Author finds suspense, impact from ‘Bones’

Piecing together the past by examining bones was a thrilling mystery to solve.

But Kathy Reichs was presented with a unique opportunity through her expertise in anthropology — what is she could use her skills to solve crimes, and make an impact in people’s lives in the present?

Reichs pivoted her career, transitioning to work in forensic anthropology. Her work has ranged from teaching FBI agents how to detect and recover human remains, to separating and identifying commingled body parts in her Montreal lab. She has traveled to Rwanda to testify at the UN Tribunal on Genocide, and helped exhume a mass grave in Guatemala. She assisted in the recovery of remains at the World Trade Center following the 9/11 terrorist attacks.

From her work, Reichs created the Temperance Brennan series of mysteries, revolving around the work of a renowned forensic anthropologist. Her novels were used as the basis of the hit television show “Bones,” which ran for 12 seasons and is still the longest-running scripted series on FOX.

Her most recent book, “Cold Cold Bones,” puts Brennan in the middle of a string of unexplained killings plaguing North Carolina. The book comes out on July 5.

On becoming a forensic anthropologist

“I trained to do bio-archaeology, to look at ancient skeletons, archaeology-derived skeletons. But since I was the ‘bones’ lady at the university, cops started bringing me cases. My very first case was a little girl who had gone missing, and three months later, some bones were found, and sure enough, it turned out to be her.”

The difference between forensic work and archaeology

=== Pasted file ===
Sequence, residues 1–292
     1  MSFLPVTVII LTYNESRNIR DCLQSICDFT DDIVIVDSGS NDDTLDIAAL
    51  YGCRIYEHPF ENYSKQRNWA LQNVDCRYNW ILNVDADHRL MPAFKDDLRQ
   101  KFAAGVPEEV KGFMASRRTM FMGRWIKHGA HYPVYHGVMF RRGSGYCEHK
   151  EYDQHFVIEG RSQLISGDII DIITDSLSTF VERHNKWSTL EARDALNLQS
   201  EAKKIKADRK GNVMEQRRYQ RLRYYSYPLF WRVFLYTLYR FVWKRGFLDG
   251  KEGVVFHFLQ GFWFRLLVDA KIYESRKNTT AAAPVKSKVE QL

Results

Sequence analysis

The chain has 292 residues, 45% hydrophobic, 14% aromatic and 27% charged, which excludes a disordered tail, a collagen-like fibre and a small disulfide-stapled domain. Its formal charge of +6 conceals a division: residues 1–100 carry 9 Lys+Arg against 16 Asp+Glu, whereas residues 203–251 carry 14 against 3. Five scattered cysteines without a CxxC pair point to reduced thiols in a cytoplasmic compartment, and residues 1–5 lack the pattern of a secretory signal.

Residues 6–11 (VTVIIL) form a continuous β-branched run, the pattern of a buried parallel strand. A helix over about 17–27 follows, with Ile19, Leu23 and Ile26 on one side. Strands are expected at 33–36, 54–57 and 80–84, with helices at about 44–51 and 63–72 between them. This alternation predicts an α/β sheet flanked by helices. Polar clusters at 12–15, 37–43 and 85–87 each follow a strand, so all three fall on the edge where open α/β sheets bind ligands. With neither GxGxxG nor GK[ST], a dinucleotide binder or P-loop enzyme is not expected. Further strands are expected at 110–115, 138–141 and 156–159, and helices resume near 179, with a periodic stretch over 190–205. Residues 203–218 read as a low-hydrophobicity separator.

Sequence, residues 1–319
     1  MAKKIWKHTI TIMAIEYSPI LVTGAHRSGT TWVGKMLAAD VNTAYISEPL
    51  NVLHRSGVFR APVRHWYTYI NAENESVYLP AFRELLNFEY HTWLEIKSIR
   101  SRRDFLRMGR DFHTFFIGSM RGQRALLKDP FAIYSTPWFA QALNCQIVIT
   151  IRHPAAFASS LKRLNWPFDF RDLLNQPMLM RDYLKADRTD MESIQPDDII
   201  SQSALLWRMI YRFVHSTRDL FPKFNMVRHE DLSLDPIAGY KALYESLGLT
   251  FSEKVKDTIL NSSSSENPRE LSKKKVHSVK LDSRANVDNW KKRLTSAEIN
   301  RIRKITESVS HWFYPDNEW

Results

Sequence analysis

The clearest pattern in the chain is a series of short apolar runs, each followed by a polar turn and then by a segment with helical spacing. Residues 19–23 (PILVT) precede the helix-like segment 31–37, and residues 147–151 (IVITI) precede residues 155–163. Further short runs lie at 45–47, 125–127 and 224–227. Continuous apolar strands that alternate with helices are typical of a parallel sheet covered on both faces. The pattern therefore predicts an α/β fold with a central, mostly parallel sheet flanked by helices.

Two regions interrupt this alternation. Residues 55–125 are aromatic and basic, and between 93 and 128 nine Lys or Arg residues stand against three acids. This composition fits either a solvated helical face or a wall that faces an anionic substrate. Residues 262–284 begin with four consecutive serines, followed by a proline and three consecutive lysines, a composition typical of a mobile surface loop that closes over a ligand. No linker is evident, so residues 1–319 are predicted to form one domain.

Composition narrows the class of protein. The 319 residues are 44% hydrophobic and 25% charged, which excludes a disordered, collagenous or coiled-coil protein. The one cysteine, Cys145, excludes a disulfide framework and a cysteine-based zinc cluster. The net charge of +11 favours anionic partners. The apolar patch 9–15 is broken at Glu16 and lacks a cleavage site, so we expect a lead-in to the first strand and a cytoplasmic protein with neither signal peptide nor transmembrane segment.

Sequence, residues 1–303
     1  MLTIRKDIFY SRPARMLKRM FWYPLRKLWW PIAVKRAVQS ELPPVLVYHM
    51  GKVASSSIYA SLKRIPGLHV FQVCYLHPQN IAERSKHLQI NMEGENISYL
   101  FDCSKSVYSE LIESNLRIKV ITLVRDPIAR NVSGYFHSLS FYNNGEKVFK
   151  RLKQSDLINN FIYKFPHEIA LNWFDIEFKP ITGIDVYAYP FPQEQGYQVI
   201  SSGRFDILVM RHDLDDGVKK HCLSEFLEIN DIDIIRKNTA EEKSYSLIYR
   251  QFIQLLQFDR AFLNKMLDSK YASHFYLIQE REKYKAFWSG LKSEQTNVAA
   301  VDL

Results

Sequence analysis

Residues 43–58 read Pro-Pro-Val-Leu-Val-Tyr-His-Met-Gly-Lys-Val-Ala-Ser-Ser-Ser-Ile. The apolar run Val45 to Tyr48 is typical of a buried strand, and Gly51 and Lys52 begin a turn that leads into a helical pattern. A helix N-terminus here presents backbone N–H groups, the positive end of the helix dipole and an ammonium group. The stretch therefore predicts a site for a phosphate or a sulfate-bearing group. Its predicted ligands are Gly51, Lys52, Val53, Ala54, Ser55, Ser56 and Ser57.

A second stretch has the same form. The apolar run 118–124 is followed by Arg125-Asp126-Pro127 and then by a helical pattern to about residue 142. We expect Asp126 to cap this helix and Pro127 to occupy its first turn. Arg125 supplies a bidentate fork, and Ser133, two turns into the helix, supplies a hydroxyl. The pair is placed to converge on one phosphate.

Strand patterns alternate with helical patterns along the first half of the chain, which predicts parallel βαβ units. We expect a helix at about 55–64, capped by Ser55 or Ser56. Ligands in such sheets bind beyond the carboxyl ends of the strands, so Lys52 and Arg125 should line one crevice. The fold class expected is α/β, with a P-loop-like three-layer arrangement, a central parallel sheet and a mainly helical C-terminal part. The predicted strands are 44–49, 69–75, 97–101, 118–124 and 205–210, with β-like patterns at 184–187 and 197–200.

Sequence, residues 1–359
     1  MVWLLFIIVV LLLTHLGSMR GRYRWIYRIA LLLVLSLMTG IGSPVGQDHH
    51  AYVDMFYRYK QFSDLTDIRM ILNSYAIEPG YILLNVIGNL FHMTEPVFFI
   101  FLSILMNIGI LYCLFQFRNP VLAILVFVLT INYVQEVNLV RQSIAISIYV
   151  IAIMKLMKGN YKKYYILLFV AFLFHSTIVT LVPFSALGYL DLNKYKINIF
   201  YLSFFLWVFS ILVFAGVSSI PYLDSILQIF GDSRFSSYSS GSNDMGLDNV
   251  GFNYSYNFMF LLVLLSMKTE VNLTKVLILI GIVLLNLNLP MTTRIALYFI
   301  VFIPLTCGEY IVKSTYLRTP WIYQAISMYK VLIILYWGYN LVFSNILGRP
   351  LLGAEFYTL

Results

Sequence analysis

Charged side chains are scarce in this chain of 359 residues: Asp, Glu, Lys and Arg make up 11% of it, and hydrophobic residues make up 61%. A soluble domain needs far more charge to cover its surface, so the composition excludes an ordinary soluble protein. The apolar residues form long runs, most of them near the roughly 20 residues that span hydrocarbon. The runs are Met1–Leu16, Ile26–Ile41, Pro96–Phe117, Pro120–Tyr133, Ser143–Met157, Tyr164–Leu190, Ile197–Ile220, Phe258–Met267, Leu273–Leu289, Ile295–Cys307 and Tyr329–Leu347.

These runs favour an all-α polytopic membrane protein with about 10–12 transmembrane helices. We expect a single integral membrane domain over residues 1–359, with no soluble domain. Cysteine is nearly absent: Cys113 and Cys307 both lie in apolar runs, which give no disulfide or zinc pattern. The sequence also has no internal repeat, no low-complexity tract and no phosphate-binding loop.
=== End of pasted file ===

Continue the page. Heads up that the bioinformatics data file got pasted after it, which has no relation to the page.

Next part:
“I did find that doing the forensic work was a lot more relevant. You can impact people’s lives. That wasn’t true with archaeology; it was fascinating, but you’d publish articles in scientific journals and 12 people read them. It didn’t change anyone’s life. I liked the idea that with forensics you could give families answers and testify in court if there was criminal activity involved.”

Using that experience to start writing novels

“I had just made full professor at the university, so I was free to do whatever I wanted to do. I didn’t want to write another textbook or journal article. Since I like reading thrillers, and I sensed that forensic science was kind of the beginning of being in the air, so I decided to give it a shot. I had just worked on a serial murder case that has some very interesting elements.”

On the process of writing that novel

“I had no training in creative writing, but I told myself I’d try. It took me two years to write it, because I was teaching full time and commuting back and forth between the Carolinas to Quebec. I had to write it on weekends and early, early in the morning and on summer vacations. But I tried to write the book that I liked to read.”

Presenting Brennan’s world for a general audience

“It’s a challenge, and it’s a challenge many academics and scientists fail to meet. They love their science, so they want to put lots of it in. You can’t do that. Readers want to learn something, they read forensic thrillers because they are interested in the science and want to learn something, but they don’t want a lecture. They don’t want to read a textbook. So you have to keep it brief, you have to keep it exciting, and you have to keep it jargon-free.”

On traveling the country on book tours

“I really enjoy it. It’s really fun being there. It’s not so much fun getting there. I’m looking forward to meeting people in Franklin and the different places on the tour. It’s going to go well.”